George BrasherAs Managing Director UK&I, George is responsible for all consumer and commercial printers and PCs, mobile devices, workstations, thin clients, services, solutions and go-to-market activities, for the UK and Ireland. 

Brasher has more than 25 years of experience working at HP in a variety of roles. Immediately prior to his relocation to the UK, he was Vice President & General Manager of the WW Laser Printer business and LES Marketing & Strategy based in California.  Prior to that, he held a variety of leadership roles within HP spanning multiple regions and functions including  Vice President and General Manager of the US Printing and Supplies Category, responsible for the product portfolios and go-to-market strategies for Inkjet and LaserJet Printers and Supplies across both commercial and consumer business segments in the US.

Brasher also served as Vice President of LaserJet Supplies in the Europe, Middle East and Africa (EMEA) region, responsible for managing the portfolio profit and loss, category strategy, business development and channel management in the region.  Prior to that, he held leadership roles in the Americas region, including vice president of the LaserJet Supplies and Transactional LaserJet Printer Category and vice president of the Inkjet Supplies Category business.

Brasher began his career with HP in 1990 as a financial analyst and, in addition to Category roles, has also served as sales manager for the Wal-Mart and Sam’s Club Sales Team in the US Consumer Business.

Brasher holds a Bachelor’s degree in business from Baylor University and Master’s degree in business administration from Pennsylvania State University.

Why do you support the HeForShe campaign?

I’m a firm believer that the more points of view a business can draw on, the better its products and the company as a whole will be.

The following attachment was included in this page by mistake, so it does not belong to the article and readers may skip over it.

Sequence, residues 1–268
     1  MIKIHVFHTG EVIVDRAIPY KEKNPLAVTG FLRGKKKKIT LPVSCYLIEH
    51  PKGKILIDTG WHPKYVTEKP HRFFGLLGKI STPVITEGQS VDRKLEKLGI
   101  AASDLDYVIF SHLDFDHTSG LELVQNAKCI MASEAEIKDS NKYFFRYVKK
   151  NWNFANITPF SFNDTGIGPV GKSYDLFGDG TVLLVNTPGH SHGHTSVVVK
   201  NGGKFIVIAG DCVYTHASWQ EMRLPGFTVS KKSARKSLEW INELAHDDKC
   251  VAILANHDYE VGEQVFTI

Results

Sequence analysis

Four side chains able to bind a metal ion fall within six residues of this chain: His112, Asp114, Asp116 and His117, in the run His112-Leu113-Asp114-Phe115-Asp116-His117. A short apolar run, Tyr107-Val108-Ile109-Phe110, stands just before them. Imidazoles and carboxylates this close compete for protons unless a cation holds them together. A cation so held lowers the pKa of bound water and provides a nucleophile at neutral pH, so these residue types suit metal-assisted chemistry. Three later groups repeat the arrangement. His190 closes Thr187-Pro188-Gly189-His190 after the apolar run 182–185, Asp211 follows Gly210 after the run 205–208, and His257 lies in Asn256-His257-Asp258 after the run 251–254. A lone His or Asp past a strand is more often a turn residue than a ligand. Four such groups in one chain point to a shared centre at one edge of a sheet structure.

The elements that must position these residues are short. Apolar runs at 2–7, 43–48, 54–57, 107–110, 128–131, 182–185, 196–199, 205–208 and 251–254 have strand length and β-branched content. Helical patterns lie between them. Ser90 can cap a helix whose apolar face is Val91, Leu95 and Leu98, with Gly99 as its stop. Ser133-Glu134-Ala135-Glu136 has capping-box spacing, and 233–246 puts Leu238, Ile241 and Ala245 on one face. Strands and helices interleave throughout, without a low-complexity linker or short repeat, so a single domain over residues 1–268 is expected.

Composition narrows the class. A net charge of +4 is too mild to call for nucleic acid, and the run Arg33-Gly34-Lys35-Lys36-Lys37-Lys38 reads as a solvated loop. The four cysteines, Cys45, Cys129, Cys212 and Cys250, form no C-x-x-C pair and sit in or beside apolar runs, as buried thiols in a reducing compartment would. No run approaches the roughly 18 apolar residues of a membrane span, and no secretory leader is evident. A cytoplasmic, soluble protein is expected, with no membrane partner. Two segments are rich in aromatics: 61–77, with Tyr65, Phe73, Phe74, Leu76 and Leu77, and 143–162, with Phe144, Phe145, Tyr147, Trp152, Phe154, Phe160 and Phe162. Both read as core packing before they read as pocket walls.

Currently, women comprise only 17 per cent of the UK tech workforce. Over one hundred years on from women gaining the vote in Britain, the shortfall of women in the UK tech workforce is unacceptable, and we have to work together as an industry, to attract and retain more women.

What’s more given the rapid growth in the sector, striving towards gender parity and bridging the country’s digital skills gaps can help fuel business and economic growth, and securing Britain’s place as global leader in digital innovation.

Why do you think it’s important for men to support gender equality in the workplace?

I’m passionate about encouraging everyone to embrace gender equality in the workplace – and by extension, in all other areas of life. HP has the most diverse Board of Directors in Silicon Valley, and almost a third of our executives (director and above) are women.

However, we still struggle with a gender imbalance and addressing the under-representation of women is a priority for HP and me personally.

Here in the UK , we’ve recently made commitments to addressing this imbalance including: ensuring women account for at least 50 per cent of our intern intake; introducing a ‘Returners Programme’ to encourage women to re-enter the workforce after time away; and investing in unconscious bias training. We’re also a proud signatory of the Tech Talent Charter, and have recently redoubled our commitment by becoming a board member.

But there’s still a long way to go! And to get there, we need everyone on side.

How welcome are men in the gender equality conversation currently?

Speaking from my own experience as a man involved in the gender equality conversation, I feel not only welcome but inspired to involve others too.